This periodization situates white middle-class women as the central historical agents to which women of colour attach themselves. However, if we were to recognize the agency of indigenous women in an account of feminist history, we might begin with 1492 when Native women collectively resisted colonization. This would allow us to see that there are multiple feminist histories emerging from multiple communities of colour which intersect at points and diverge in others. This would not negate the contributions made by white feminists, but would de-center them from our historicizing and analysis.
Indigenous feminism thus centers anti-colonial practice within its organizing. This is critical today when you have mainstream feminist groups supporting, for example, the US bombing of Afghanistan with the claim that this bombing will free women from the Taliban (apparently bombing women somehow liberates them)."
"Men are allies. They are not the voice of this movement. A program like “Men Can Stop Rape,” where men work with other men (and teenage boys) to teach them how to become strong, respectful men who don’t harass, assault or rape women is a perfect example of how men can be involved in the feminist movement. I find their work admirable and wonderful, and Hugo’s work dangerous and desperate and co-opting and selfish."
That’s the real myth that holds us back — that making “patriarchy-approved” choices is somehow better or safer for women than choosing against them. It’s not. They both suck. Being a porno fantasy doesn’t make your life easier or better, and neither does being a Stepford wife. Rejecting the system is hard, but participating in it doesn’t win you any prizes either. The goal of feminism is to make life better for women, whatever choices we make.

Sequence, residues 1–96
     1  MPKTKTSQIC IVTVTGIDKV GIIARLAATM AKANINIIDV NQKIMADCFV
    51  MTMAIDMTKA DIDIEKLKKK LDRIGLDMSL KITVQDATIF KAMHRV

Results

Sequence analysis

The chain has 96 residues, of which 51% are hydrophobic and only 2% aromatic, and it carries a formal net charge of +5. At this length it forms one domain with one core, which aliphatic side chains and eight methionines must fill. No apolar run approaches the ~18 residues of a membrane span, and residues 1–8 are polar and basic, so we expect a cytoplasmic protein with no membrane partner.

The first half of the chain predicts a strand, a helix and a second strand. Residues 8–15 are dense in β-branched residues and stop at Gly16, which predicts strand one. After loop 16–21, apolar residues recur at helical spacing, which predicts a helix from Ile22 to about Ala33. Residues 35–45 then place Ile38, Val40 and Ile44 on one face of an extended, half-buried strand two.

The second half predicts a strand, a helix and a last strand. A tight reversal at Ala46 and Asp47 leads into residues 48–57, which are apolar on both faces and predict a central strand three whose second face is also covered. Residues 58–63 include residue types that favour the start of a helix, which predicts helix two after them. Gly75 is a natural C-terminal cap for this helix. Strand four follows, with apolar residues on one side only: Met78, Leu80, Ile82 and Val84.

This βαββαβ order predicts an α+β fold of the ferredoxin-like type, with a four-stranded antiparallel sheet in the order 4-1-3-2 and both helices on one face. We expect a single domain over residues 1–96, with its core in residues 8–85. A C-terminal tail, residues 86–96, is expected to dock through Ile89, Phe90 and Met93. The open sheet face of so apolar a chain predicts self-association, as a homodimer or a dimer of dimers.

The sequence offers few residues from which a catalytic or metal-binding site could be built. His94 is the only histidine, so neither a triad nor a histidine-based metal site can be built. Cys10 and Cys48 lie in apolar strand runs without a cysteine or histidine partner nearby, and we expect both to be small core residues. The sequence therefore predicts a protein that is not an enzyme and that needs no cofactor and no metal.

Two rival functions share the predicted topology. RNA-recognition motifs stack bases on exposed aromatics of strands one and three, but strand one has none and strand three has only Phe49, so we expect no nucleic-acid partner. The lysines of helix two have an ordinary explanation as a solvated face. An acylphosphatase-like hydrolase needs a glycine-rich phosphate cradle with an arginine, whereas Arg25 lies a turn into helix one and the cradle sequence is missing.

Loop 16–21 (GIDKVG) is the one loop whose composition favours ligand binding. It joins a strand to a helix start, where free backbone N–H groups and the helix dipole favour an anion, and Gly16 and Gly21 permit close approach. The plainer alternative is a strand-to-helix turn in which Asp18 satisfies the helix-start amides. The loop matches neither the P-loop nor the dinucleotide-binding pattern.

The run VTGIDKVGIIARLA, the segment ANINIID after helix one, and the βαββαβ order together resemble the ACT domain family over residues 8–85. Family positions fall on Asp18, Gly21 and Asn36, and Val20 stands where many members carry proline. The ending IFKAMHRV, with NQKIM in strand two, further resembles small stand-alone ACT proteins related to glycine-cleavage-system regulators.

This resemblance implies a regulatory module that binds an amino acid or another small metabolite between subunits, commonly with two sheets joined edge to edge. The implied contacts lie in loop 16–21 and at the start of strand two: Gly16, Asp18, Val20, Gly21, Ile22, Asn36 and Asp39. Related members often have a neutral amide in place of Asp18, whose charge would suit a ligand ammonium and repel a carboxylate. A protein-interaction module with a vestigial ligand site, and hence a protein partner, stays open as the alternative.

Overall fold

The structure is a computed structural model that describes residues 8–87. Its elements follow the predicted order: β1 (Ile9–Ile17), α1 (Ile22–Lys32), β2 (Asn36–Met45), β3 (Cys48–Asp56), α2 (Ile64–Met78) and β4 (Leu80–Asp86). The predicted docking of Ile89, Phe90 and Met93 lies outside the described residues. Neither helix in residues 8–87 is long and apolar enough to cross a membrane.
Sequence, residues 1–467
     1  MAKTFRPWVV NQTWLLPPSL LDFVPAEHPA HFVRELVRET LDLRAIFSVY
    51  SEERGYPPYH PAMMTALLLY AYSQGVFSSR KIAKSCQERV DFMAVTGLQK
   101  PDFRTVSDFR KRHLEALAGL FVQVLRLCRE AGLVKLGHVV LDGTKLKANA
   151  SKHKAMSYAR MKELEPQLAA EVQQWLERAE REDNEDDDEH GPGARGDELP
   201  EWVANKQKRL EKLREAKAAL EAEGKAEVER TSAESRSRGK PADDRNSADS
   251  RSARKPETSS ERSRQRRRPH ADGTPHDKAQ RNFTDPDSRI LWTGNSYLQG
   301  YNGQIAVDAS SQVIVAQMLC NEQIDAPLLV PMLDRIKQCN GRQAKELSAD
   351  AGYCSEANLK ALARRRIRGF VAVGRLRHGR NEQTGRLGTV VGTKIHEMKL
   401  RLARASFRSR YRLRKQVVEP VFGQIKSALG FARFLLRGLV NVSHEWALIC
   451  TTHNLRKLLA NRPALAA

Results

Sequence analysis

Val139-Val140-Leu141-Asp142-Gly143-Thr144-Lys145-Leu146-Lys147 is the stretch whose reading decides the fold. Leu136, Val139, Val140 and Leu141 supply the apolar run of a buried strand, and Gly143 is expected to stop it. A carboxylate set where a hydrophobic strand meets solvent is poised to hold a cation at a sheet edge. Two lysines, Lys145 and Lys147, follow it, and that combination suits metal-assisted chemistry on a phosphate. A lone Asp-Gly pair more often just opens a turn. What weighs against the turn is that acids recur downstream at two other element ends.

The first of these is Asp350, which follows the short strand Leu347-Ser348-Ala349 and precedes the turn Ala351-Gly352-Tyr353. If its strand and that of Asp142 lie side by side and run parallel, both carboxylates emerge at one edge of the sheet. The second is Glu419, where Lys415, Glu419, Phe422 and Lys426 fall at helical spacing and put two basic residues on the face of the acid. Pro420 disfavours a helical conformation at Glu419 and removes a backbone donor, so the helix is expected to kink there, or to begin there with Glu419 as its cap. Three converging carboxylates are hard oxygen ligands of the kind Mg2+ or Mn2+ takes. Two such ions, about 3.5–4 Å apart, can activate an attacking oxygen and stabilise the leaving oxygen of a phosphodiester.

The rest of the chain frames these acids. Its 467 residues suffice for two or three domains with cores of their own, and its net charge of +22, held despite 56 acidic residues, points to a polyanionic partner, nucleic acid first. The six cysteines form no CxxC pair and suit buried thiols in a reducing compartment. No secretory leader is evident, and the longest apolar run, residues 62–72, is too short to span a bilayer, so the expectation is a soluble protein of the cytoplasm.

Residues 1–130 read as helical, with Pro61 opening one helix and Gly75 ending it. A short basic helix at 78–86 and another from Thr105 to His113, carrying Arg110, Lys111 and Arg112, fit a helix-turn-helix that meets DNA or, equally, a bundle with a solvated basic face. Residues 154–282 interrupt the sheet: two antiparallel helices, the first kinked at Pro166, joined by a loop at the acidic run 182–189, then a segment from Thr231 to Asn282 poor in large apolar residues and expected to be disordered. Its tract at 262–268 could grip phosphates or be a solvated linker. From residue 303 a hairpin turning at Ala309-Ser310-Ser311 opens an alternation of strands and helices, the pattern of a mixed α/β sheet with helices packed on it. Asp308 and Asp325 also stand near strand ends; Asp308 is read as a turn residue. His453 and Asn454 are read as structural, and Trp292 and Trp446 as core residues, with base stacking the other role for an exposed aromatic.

And we can be trusted to make those choices. Because after “degrading,” the number one phrase I kept coming upon in my Googling on the topic was this: “Some women say they really like this, but I don’t believe them.” And discounting women’s stories, just flat-out rejecting them when they don’t fit your political narrative, is something I will never, ever get behind.
What’s that? No honey, the fact that the okimâwastotin (that headdress worn by clueless hipster girls all the time) is generally reserved for males in Plains cultures is not sexist or patriarchal. You can stop trying to ‘save us from sexism’ thanks.
In fact, we were centuries ahead of you in the gender equality department. There are of course a great diversity of socio-political traditions in our various nations, but one thing comes through loud and clear…our women held positions of power. Not merely over hearth and home, but politically as well. In some nations, women run the roost, and this without denigrating or subjugating men (in case you were worried).
Centuries of racist and sexist interference by European powers has taken its toll. We do indeed face sexism in our communities, to an extent unthinkable before Contact. It is sadly the case that the oppressed often internalise their oppressor, and the oppressor for us has always been racist, and sexist.
To combat this, we look to our traditions, which are egalitarian. Where men and women are respected and venerated. We do not fumble towards equality as sameness, as so many settler feminists insist we should (in our context only, as they often recognise this is a ridiculous approach otherwise). We revive equity. We acknowledge different gender roles, and recognise that the female is not subservient in our cultures.
When we discuss ‘women’s power’ and ‘women’s roles’, you hear echoes of your history. But your history is not ours. Our history speaks proudly of the strength of our women and our men. Gender roles were not created in our societies to elevate men and turn women into chattel.
You settler women have much to overcome. Your history is fraught with inequality and abuses. I am sorry that you come from such twisted traditions.
Do not attempt to transplant your historical circumstances into our Nations. You have no idea what the headdress means in our cultures. To claim that the restrictions on who can wear it are ‘sexist’ merely highlights this ignorance…your inability to see outside your own cultural norms, outside your own sad, sexist cultural history.
Colonisers always believe they have the right to define reality, particularly for those they have colonised. What kind of feminist are you, when you take part in these inequalities of power, and proclaim for us the meaning of our own symbols and traditions?
In case you’re not sure, it makes you a racist feminist.